And I watch market trends, too, especially for the types of books that I write (traditional mysteries, also known as cozies.) I try not to take myself too seriously…it’s really all about the readers and what they want.
So when I received an email a few days ago from a lady who expressed her interest in reading my books, but first wanted to know if I used profanity in my series, I paid attention.
This isn’t the first time I’ve received an email like that. In addition, I’ve also noticed a rise in sites like Clean Cozy Mysteries and Genre Reviews (with a blog subtitle that states: In Search of Well-Written, Clean Novels), and an Amazon forum topic on ‘clean mysteries'. It all makes me think.
Let’s face it, I’m trying to accommodate as many readers as possible. Do I write for myself? Yes. But I wouldn’t try to be published at all if I were only writing for myself. I’m not trying to be an artist—I’m trying to provide entertainment. Am I losing anything by writing John cursed, or using alternate expletives in place of real ones? If I’m not, why not just leave it out?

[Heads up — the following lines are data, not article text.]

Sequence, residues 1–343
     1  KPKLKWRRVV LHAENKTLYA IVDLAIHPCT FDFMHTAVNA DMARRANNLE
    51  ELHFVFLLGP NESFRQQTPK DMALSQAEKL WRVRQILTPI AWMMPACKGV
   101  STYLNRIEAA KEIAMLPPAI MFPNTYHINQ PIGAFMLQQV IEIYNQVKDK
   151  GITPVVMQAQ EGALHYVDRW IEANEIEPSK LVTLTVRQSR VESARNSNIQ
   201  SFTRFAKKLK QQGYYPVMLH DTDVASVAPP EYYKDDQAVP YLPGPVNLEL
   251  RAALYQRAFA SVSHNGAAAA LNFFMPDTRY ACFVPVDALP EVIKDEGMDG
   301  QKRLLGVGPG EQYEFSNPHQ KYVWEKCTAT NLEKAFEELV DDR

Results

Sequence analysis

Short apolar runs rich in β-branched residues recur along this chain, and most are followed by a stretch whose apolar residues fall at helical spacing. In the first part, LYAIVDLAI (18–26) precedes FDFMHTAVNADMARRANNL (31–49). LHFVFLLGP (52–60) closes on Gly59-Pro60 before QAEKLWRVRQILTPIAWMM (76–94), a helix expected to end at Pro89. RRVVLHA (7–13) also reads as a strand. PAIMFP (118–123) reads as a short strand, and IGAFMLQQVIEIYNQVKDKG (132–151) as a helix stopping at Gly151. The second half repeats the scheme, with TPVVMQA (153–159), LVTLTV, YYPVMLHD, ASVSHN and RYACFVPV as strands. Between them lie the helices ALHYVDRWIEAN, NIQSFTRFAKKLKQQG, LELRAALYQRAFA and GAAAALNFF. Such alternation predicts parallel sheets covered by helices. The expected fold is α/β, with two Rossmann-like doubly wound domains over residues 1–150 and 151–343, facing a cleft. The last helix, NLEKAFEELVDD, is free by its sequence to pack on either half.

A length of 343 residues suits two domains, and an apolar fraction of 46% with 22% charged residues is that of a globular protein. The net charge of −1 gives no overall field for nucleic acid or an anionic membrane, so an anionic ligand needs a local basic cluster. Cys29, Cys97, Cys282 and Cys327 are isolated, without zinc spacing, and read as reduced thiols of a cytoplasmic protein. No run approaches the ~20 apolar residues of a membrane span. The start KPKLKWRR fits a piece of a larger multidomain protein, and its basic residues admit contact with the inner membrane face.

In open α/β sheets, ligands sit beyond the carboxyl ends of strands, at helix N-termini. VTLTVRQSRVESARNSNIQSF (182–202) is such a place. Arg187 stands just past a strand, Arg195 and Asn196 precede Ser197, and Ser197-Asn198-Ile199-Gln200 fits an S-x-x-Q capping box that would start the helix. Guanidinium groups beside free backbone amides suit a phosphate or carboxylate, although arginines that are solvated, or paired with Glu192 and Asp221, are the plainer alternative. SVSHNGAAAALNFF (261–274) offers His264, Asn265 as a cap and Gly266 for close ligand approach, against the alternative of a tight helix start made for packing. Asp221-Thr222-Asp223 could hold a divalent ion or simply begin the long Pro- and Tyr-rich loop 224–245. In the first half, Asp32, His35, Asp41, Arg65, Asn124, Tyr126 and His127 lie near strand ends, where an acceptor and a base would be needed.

I’ve never gotten an email from a reader saying how much they enjoy profanity in my books.
Now of course, this only goes so far. If readers asked me to try my hand at a genre that was out of my reach or to make a change in my books that I felt strongly against doing, I’d have to politely tell them that was something I couldn’t accommodate them with.
But if there’s a slight change I can make that could possibly pick up new readers without losing old ones? Sure, I’m willing to make that change.
In fact, I have. I let the lady know that I had a book coming out in November with no profanity in it, and a series debuting next year that was expletive-free, too. But I couldn’t direct her to my first three books. :)
How about you? How far are you willing to go to make your book reach more readers? How much do your readers factor into what you write?